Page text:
House Demolition Cost Breakdown
Demolition permits often cost $100 to $500 or more a pop. Keep in mind that you may need several to be compliant with city and county ordinances.
The cost to demolish a foundation is usually between $1,000 and $5,000. Add anywhere from $500 to $7,700 more if you need the area graded to put down a new foundation as prep for a rebuild.
Demolishing a deck usually adds between $5 and $15 per square foot to the project cost, plus hauling and dumping fees.
If you're hiring a local concrete demolition company to get rid of a driveway as part of a big redo, add $1 to $2 per square foot.
While some demolition companies include cleaning up and hauling away your debris in the total cost, you'll probably see it itemized on your contract. The average cost ranges from $300 to $1,800.
Depending on the contractor, you may be responsible for hiring a third-party cleaning company or arranging a dumpster rental to take care of debris.
“If you rent a large dumpster, schedule it for the day of demolition and get it hauled away as soon as possible,” says Bob Tschudi, Angi Expert Review Board member and general contractor in Raleigh, NC. “We’ve found that an open dumpster often inspires neighbors to get rid of unwanted items after the crews are gone for the day. We’ve had dumpsters filled overnight with everything from furniture to concrete to tree stumps.”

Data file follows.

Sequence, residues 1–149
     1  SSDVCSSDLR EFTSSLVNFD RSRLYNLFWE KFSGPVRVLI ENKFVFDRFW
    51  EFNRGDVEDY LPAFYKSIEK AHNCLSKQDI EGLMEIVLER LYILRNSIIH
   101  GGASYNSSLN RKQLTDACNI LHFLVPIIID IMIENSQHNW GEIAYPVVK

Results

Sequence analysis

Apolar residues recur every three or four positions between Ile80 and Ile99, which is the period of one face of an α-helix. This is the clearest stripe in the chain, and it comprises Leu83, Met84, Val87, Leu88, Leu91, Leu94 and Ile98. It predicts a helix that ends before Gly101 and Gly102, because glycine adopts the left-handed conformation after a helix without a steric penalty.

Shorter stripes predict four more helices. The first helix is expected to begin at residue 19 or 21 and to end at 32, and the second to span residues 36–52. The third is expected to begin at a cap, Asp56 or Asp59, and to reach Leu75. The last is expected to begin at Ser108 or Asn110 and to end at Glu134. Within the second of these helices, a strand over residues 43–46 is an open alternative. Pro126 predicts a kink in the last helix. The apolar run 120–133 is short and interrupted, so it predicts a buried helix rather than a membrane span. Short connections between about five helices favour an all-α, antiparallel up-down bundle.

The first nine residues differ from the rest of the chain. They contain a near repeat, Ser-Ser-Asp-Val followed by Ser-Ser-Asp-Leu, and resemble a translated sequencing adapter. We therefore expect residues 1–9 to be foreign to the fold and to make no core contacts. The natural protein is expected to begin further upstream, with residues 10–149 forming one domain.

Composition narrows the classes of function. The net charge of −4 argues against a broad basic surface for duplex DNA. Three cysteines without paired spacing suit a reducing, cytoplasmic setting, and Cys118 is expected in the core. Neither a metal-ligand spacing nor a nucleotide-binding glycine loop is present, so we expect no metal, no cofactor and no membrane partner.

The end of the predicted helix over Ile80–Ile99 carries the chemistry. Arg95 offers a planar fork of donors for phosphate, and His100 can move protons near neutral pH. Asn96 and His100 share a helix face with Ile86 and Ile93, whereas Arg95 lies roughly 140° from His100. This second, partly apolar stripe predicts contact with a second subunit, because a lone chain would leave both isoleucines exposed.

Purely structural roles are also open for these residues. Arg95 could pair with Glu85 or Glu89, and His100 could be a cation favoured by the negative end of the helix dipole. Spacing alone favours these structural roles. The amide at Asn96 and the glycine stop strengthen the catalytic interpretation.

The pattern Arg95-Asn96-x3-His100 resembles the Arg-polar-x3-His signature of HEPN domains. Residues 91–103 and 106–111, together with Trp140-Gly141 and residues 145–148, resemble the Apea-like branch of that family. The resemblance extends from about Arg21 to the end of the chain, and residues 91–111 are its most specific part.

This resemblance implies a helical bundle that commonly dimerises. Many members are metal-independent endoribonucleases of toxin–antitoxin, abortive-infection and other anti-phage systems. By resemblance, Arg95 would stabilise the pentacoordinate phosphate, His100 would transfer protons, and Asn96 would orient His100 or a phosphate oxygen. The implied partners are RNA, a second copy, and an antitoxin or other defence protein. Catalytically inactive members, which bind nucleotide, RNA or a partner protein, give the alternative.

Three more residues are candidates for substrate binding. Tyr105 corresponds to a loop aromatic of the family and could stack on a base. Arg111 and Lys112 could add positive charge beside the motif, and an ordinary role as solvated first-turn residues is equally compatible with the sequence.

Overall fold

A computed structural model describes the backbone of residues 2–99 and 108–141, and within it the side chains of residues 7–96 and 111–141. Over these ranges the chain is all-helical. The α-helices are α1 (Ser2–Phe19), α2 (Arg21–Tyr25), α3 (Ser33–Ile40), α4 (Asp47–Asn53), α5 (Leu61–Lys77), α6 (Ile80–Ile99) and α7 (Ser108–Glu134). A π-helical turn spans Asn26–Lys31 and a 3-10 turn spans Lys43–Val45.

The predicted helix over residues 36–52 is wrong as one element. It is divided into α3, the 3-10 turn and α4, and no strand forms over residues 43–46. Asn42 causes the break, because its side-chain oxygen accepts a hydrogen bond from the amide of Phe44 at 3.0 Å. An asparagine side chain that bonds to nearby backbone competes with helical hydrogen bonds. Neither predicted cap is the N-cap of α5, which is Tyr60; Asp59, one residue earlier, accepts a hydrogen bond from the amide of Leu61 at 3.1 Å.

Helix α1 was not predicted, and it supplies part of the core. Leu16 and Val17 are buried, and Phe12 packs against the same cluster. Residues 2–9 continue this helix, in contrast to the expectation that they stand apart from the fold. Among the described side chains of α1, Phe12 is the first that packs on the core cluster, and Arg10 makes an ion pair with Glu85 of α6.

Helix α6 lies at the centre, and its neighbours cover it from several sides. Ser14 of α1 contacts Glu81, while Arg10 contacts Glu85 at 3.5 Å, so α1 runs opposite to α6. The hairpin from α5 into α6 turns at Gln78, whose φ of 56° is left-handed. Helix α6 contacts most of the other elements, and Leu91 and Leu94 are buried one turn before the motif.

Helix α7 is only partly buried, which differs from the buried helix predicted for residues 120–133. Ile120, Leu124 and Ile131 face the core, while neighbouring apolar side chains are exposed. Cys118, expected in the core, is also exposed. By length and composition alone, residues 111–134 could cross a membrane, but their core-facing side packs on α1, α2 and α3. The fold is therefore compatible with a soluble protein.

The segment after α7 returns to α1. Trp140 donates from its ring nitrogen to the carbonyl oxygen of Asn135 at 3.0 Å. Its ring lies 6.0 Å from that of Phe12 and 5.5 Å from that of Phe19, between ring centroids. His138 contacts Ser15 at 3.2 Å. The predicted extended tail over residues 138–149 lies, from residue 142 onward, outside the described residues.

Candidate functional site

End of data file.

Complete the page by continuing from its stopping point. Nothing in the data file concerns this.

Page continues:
How Much Does It Cost to Demolish a Structure by Type?
While the average cost of a full demolition on a house ranges from $4,800 to over $40,000, other structures are much less expensive to bring down.
The cost to demolish a mobile home averages $4 per square foot.
Shed or Barn
Dismantling a shed or barn will come with an hourly rate between $50 and $100.
Frequently Asked Questions
Trying to demolish your house yourself isn't recommended. If you're not an experienced contractor, you can quickly get into trouble with an uncontrolled structural collapse, leading to injuries and costly repairs.
While general contractors sometimes handle demolition, you can also look specifically for local demolition contractors. Demolition experts need to understand structural integrity, the equipment needed for safe demolition, and the permits required for demolition.
If your home has good bones, you can save a lot of money by doing a partial demolition that opens up walls or removes a rotting addition. A full demolition is typically only done when a house is a "tear down" property with less value than the land underneath it.
A house demolition entails removing the structure of your home using demolition equipment. This leaves most of the materials practically unusable. You can reduce project costs and harvest building materials by choosing deconstruction instead. Deconstruction involves salvaging as many reusable materials and structural pieces from the home as possible. The foundation is typically left intact.
When demolishing any part of your home, consider having the same crew demolish and rebuild your deck or driveway. You may be able to save on cleanup costs by having everything hauled away at the same time.